A Rectial, and a goodbye to my past.

12:43 PM

Cameryn had her first gymnastics recital on Saturday.  Life has come full circle.  I was a gymnast.  I was a coach.  I am now a parent, cheering her on from the bleachers.  I am sensitive to the fact that I know how each skill should look, I don't coach Cameryn at home, unless she asks.  I'm not that parent that is critical of every move they make, trying to make her perfect at a sport that is obviously for fun.

Yet, I was so extremely disappointed in the recital.  I worked at the gym for 8 long years.  Coaching, mentoring, training, and being a friend to every single child that walked through the door.  I know the curriculum.  I know the reason for the recital.  I know how awesome it is for each child to receive their trophy at the end.  I never, ever expected Cameryn to be so miserable for an hour.  I never, ever expected myself to feel so helpless, so angry, and so stuck. 


The kids were split into two groups for the recital, so that each coach could have 5-6 kids to work with, as expected.  Cameryn's coach wasn't there, as expected.  Unexpectedly, she was placed with a group of girls, though classified as the same class, they were obviously not on the same level.  I watched these girls perform skills way beyond what Cameryn was capable of.  I watched the coaches and their faces confused as to why Cameryn was unable to perform them with the same ease and grace as the other five kids.  I watched parents not clap as hard for Cameryn when she was finished with her skills as they did for the other kids and my heart ached.  I actually called Cameryn out of the recital at one point to explain to her that when the coaches said "finish"  that they actually meant "salute."  Why didn't the coaches explain this to her?  By the third event my blood was flowing faster, I was growing more and more agitated and I considered pulling her from the recital all together.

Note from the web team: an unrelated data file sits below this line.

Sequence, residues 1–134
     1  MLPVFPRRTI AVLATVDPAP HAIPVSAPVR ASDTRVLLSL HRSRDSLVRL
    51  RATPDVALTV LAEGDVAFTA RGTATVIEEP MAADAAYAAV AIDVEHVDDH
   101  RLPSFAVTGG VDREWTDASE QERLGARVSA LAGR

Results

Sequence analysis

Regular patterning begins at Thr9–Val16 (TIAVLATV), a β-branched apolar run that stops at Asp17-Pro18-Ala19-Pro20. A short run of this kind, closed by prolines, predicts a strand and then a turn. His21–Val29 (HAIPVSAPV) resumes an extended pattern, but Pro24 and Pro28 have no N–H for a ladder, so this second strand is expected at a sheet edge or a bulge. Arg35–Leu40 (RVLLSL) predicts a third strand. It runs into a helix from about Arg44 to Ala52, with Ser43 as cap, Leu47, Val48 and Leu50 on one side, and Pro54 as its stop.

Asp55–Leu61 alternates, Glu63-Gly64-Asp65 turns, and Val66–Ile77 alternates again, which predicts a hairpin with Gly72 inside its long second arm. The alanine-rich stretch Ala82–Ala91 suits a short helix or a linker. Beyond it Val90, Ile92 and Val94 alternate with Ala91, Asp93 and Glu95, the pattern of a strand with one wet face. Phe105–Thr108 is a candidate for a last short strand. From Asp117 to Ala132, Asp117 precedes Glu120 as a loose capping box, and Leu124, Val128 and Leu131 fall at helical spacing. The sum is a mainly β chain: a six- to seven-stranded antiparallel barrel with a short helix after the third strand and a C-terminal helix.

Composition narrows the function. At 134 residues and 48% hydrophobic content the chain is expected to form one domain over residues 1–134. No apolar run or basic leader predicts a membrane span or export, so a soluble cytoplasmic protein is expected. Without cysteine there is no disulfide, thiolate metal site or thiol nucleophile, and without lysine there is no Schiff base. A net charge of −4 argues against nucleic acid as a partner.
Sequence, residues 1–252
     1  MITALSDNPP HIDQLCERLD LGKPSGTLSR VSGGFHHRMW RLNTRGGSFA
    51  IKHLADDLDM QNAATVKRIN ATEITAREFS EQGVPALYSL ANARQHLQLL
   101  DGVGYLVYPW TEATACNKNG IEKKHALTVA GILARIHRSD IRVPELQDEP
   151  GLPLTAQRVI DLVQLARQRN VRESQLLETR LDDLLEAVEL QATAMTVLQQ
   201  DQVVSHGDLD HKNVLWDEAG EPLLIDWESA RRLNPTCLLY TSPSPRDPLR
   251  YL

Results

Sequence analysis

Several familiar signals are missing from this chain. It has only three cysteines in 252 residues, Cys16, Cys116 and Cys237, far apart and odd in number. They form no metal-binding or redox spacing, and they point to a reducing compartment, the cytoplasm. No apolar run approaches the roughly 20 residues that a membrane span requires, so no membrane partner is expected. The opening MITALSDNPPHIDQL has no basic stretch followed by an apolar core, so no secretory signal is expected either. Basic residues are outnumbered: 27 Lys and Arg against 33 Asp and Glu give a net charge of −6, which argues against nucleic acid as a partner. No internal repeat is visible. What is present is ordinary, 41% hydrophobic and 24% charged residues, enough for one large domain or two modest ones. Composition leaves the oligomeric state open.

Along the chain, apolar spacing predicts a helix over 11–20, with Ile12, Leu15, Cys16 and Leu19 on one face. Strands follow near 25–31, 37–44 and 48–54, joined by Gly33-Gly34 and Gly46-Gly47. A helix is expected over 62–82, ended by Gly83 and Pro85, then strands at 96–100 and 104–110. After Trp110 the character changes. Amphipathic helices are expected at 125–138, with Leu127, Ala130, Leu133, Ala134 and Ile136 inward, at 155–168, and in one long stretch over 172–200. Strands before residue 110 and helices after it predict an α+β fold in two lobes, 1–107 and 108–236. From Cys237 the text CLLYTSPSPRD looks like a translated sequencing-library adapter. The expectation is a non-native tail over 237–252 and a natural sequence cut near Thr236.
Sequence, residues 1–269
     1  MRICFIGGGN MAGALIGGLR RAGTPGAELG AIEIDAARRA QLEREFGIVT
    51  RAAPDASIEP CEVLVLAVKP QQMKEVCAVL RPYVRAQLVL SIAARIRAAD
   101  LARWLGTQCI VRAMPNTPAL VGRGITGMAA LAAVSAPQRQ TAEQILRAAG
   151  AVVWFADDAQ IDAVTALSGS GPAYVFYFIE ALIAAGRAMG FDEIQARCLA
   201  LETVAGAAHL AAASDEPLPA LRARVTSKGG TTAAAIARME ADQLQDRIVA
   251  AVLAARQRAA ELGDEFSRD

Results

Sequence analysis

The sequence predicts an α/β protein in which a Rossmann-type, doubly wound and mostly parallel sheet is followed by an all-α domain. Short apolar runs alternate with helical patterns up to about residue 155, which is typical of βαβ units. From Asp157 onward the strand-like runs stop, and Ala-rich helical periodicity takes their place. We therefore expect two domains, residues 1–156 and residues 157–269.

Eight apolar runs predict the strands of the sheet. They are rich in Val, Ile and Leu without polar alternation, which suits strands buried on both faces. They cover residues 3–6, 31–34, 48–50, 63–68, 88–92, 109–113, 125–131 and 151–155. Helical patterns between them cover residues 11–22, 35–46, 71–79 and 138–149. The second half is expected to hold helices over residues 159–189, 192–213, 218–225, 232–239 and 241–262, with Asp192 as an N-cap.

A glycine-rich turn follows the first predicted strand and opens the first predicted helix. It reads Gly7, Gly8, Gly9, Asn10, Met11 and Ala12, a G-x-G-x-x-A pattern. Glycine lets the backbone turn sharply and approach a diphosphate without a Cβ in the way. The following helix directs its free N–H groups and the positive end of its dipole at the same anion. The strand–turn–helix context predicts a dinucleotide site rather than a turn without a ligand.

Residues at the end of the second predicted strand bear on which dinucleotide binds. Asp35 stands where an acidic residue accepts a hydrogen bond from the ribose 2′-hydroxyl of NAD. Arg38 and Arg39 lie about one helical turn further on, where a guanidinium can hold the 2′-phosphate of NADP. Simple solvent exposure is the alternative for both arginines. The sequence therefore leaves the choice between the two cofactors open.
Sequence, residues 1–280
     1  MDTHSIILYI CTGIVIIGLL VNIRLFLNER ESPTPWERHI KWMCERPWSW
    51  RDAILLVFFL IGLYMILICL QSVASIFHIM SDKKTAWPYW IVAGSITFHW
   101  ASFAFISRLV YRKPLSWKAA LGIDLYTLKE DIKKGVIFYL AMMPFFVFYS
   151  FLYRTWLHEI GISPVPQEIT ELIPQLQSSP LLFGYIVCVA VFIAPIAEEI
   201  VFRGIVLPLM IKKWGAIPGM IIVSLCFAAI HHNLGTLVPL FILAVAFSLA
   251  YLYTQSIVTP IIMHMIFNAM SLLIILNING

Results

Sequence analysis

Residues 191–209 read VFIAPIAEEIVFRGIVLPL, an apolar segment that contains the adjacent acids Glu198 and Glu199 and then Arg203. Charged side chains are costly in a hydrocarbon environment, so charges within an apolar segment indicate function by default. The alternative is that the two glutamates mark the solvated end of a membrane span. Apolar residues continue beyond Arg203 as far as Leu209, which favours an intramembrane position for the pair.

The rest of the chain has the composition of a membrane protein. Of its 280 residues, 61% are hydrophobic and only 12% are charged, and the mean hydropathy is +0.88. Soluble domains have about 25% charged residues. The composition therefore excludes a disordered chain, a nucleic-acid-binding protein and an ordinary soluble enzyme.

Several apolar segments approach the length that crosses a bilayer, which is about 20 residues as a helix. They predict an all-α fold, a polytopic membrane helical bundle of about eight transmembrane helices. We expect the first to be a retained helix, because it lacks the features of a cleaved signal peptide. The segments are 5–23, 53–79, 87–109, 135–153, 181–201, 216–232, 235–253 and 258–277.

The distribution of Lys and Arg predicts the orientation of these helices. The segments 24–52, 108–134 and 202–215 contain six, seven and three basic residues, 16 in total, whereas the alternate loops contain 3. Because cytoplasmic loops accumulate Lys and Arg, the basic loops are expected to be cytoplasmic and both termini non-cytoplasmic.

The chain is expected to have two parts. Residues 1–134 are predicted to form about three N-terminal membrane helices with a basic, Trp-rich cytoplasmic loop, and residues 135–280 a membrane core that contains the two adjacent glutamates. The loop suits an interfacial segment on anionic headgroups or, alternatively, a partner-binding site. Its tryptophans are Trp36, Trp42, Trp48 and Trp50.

I didn't.  Because this was her moment to shine.  Her moment to show off what she had learned.  She was obviously uncomfortable and not having fun, but until she stated that she wanted to leave, I wasn't going to remove her from the situation.

Finally, we were all put out of our misery and it was time for the trophy ceremony.  The sports director (who I did not work with while I was there, but knows that I was a former coach/manager) walked up to me with a smile and said, "So, how did it go?"  I tried to control my anger because this was a public place and I wasn't about to ruin the experience for the other girls, so I replied, "Not good.  These girls are obviously at a higher level than Cam."

Her reply absolutely floored me.  "They're the advanced kids."

"So why put Cameryn in the same group? There was another group that she could have been placed in.  These girls were performing skills that she had no idea how to do.  Pullovers on bars.  Roundoffs without a mat.  Side handstands on beam.  That's not okay.  These girls are obviously at a yellow level." 

The yellow level is two levels above Cameryn.  I was being generous with this statement, because these girls were even above that level.